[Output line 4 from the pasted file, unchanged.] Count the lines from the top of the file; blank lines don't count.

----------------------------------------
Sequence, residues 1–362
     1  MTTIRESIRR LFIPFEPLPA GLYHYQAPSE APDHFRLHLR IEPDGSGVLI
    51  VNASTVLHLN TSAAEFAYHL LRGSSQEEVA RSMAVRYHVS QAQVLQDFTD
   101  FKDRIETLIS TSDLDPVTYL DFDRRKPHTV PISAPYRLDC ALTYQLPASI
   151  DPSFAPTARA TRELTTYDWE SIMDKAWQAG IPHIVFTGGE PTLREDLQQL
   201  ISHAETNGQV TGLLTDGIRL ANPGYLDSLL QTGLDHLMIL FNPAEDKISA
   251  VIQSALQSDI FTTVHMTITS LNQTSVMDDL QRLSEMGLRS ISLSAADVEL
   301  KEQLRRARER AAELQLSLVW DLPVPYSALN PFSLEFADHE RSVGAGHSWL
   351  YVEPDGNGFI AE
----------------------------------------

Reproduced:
   101  FKDRIETLIS TSDLDPVTYL DFDRRKPHTV PISAPYRLDC ALTYQLPASI